The state of Maryland is looking to make legalized sports betting available in their state and may not even wait for 2020 voter approval to do it. Maryland’s lawmakers are considering a plan to begin sports betting via their state lottery from a voter-approved referendum from 1972. This would mean all of the state’s sports betting operations would be overseen and run by the Maryland Lottery and Gaming Control Agency, bypassing all other operators and speeding up the overall process as well.
If this lottery amendment proves able to move forward, the Maryland lottery will be able to consider adding various forms of lottery games without any further approval. While that could leave casinos and off-track betting facilities out of the loop, for the time being, it will allow Maryland lawmakers to push forward with this proposal. “If we can find a way to do it without a referendum,” Senate President Thomas V. Mike Miller told reporters Thursday, “I’m certainly amenable to move forward this year.”
Working Around Voters
This move is a possibility due to legislation written back in 2007, where a requirement went into place that called for any new commercial gaming in the state to receive full approval by a majority of voters in a general election. The Maryland state lottery, however, does not fall under into this category and therefore, in theory, be used to circumvent the voters completely. It is Alexandra Hughes, chief of staff to House Speaker Michael E. Busch, who has been given the job to determine if this approach is legal for state officials and the lottery to attempt. They do have the political backing as any legal plan appears to have the support of Miller, Busch, and Governor Larry Hogan.
“At this point,” according to Gov. Hogan spokeswoman Amelia Chase, “the governor anticipates working with the legislature to determine the best approach to sports betting in Maryland during this session, and is open to considering any ideas put forth.”
State Lottery Option
George Medenica, who is the state lottery and gaming director of Maryland, told The Sun that should sports betting go live, Maryland’s 4,500 lottery retailers could offer wagers on games alongside Powerball and instant-win games. Again, in theory, as this is surely not the case in other states. This will all come down to whether or not lawyers find the right language in the existing legislation as Medenica noted that “lawyers are examining” just how to define “lottery operation.”
From The Sun:
“The lottery currently does much of its work through vendors. Medenica questioned whether the lottery would need to have state employees run a sports book, which he doesn’t think would be a wise choice.”
“We’re prepared as an agency and we were prepared a year ago, to embrace it,” Medenica told the Associated Press, “and we’re certainly keeping up with all of the developments in sports betting.” Even if lawmakers are successful in bypassing the voter approval in a general election sticking point, Medenica said a fully functional and live Maryland sports betting industry may not arrive until late 2019 or early 2020. Medenica again:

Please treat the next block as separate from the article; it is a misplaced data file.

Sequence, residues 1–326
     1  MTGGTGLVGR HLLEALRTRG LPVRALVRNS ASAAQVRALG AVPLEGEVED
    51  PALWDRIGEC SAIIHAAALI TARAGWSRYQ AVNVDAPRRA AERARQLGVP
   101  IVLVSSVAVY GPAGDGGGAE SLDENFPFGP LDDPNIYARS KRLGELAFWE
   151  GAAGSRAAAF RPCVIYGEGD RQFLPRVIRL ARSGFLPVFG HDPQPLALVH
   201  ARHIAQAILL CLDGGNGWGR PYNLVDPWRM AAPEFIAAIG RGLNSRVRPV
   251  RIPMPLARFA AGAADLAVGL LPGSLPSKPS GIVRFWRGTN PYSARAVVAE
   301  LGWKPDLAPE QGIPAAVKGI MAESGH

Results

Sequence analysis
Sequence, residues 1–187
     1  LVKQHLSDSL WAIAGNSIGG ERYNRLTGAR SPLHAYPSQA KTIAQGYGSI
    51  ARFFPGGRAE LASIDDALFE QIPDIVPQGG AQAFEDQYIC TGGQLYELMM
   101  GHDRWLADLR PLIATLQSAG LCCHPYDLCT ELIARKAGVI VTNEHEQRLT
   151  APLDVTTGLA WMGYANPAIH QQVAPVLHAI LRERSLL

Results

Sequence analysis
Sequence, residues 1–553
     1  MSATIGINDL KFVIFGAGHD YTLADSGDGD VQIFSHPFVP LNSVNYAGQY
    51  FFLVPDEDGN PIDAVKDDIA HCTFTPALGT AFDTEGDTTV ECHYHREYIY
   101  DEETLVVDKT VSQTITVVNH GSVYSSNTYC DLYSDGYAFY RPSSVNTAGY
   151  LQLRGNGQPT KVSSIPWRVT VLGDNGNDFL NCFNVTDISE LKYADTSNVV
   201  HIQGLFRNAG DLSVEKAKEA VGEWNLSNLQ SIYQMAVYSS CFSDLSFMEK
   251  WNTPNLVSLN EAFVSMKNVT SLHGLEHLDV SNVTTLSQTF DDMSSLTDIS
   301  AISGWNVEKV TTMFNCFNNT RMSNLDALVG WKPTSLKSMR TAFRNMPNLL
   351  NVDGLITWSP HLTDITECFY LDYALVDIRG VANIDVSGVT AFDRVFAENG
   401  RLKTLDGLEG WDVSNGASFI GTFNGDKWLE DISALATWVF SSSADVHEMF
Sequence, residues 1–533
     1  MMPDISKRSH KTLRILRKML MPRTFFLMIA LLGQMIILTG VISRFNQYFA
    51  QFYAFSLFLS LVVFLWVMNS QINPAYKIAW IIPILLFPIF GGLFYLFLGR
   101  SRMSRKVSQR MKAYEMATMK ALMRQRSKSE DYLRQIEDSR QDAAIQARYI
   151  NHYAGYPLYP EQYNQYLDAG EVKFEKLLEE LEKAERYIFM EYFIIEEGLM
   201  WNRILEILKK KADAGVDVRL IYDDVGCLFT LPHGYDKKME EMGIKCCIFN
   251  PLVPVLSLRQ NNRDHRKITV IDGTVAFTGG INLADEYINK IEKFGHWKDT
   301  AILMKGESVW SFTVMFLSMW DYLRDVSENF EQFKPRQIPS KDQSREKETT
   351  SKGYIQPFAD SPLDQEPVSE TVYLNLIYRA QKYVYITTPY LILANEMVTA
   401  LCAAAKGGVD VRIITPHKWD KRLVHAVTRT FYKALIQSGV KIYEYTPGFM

“If that were to succeed, we would then still need to go into a procurement process, so it probably wouldn’t be able to hit the market until early 2020 anyway, and so we could probably gain a year in terms of when we could actually launch some real sports betting in the state.”
Maryland Pushes Forward
Lawmakers have tried to legalize sports betting in Maryland last year but were shot down rather quickly. The state legislature session ended without sending a bill to the governor for approval which would have allowed Maryland to add sports betting to the ballot this past November. The failure was the result of the House of Delegates and Senate disagreeing on whether to allow sports betting at racetracks.
The industry has strong support in the state and in the surrounding areas. Many nearby states already have regulated wagering, such as New Jersey, Delaware, and West Virginia. Because of this, Medenica told The Sun, “we’re already seeing some impacts from sports betting in other jurisdictions maybe anecdotally pulling some of our casino customers out of state.”
Still, Delegate Anne Kaiser, chair of the House Ways and Means Committee, has confidence lawmakers will pass sports betting legislation this session. It’s just which path the Assembly takes that remains unclear.
“All the details are still out there, so we don’t know,” Kaiser said, “and then we don’t know if the option that everyone’s talking about, about going through the lottery, means it doesn’t go to the voters. That’s not definite, so everything’s still being talked about.” Either way, it is very easy to see that legalized sports betting is coming to Maryland. It’s now just a matter of when over how.